The iden­ti­ty of Datch­ery is, of course, a sep­a­rate prob­lem from the ques­tion of Jasper's guilt. It is, un­less Datch­ery was Edwin Drood him­self. And if the de­fence be not per­mit­ted to make this con­tention any ar­gu­ment about Datch­ery mere­ly pro­longs the trial — though it may add some humor to it. At the En­glish trial Mr. "Jus­tice" Gilbert K. Chester­ton had to re­mind the pros­e­cu­tor that his lengthy cross-ex­am­i­na­tion of Baz­zard was drag­ging a lit­tle. They must get on, for “we are all in high hopes of hang­ing some­body."


They say that the Philadel­phia trial will be em­i­nent­ly fair be­cause of the lawyers who are to take part in it. A Jus­tice of the Penn­syl­va­nia Supreme Court will be on the bench, and the pros­e­cu­tion will be con­duct­ed by At­tor­ney-Gen­er­al Bell and Judge Pat­ter­son, of the Court of Com­mon Pleas.

Re­al­ly, noth­ing could look worse for Jasper. Legal­ly, the ev­i­dence against him is tremen­dous. It is be­cause Mr. Wal­ters and Sir Robert­son Nicoll have looked at the prob­lem in such a cold, legal light that they are sure of Jasper’s legal as well as moral guilt. But imag­ine the choir-mas­ter's at­tor­neys try­ing to pre­sent it as an artis­tic prob­lem, as a study of the human equa­tion! Those judges and lawyers would sim­ply dance on the idea.

There is one ray of hope for Jasper. Among the tales­men are George Ade and “Mr. Doo­ley." The lawyers for the de­fence ought to see to it that these two hu­morists get into the box. They may find a way out for the pris­on­er.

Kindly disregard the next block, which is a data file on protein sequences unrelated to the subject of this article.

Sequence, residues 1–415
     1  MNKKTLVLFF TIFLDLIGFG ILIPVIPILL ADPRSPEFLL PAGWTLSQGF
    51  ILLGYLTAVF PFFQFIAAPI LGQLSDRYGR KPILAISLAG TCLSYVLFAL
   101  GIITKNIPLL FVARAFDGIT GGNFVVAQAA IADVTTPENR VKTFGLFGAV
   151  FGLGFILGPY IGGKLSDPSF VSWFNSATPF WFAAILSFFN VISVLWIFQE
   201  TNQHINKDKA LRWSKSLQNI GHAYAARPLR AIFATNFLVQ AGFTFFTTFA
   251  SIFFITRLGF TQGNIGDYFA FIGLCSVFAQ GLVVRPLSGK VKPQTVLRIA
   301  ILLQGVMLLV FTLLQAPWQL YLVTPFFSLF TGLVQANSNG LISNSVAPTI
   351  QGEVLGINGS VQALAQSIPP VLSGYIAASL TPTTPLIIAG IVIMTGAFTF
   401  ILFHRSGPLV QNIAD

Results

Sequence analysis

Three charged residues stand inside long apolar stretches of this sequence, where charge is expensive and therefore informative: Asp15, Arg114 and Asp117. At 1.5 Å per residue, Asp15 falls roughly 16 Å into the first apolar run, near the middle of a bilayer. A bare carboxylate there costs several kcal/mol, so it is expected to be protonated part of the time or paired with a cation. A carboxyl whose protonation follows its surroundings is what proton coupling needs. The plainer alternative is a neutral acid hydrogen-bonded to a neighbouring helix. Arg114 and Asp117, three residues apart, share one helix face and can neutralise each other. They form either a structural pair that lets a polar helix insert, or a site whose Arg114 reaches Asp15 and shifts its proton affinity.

The “legal" case for Jasper’s guilt is very strong. Cer­tain­ly, Dick­ens told Forster that his story was to con­cern an uncle who should mur­der his nephew. Cer­tain­ly, the nov­el­ist’s son and daugh­ter be­lieved that their fa­ther died still in­tend­ing the mur­der to suc­ceed. Cer­tain­ly, Dick­ens told Fildes, the il­lus­tra­tor, that Jasper must have a black scarf — for with that “Jasper stran­gles Edwin Drood." Cer­tain­ly, eigh­teen out of the thir­ty-two prin­ci­pal com­men­ta­tors on the prob­lem have be­lieved that the plot did not mis­car­ry, and that Edwin’s dead body was ac­tu­al­ly placed in the quick-lime after that sin­is­ter Christ­mas Eve din­ner.

But — it is not a legal prob­lem, in the nar­row sense. It is a human prob­lem — a ques­tion of the work­ings of a nov­el­ist's mind. An­oth­er nov­el­ist or lit­er­ary man is a bet­ter judge in the case than any lawyer who looks at it in a pure­ly pro­fes­sion­al light. That Jasper tried to mur­der Edwin is de­nied by no one; the ques­tion is whether he is legal­ly as well as moral­ly guilty. The list of lit­er­ary folk, es­pe­cial­ly imag­i­na­tive writ­ers, who be­lieve that Edwin es­caped is rather im­pres­sive: “Or­pheus G. Kerr,” “Gillan Vase," An­drew Lang, William Archer, Comyns Carr, M. R. James, Clement Short­er, and Cecil Chester­ton.

Forster and the Dick­ens­es heard from the nov­el­ist that Edwin was mur­dered, but there is no proof that the plan was not changed af­ter­wards. Charles Dick­ens was ap­par­ent­ly in trou­ble with his plot to­wards the last days of his life. The state­ment to Fildes about the black scarf is not con­clu­sive — an un­suc­cess­ful at­tempt might have been made with the scarf. (Fildes never seems to have drawn it, by the way.) Fi­nal­ly, and it is a point sel­dom em­pha­sized, the ma­chin­ery of the opium, Jasper's drugged trances, seem ut­ter­ly un­nec­es­sary un­less they were to pre­vent the mur­der. They would ex­plain how the at­tempt failed, and do it beau­ti­ful­ly. What other pur­pose have they?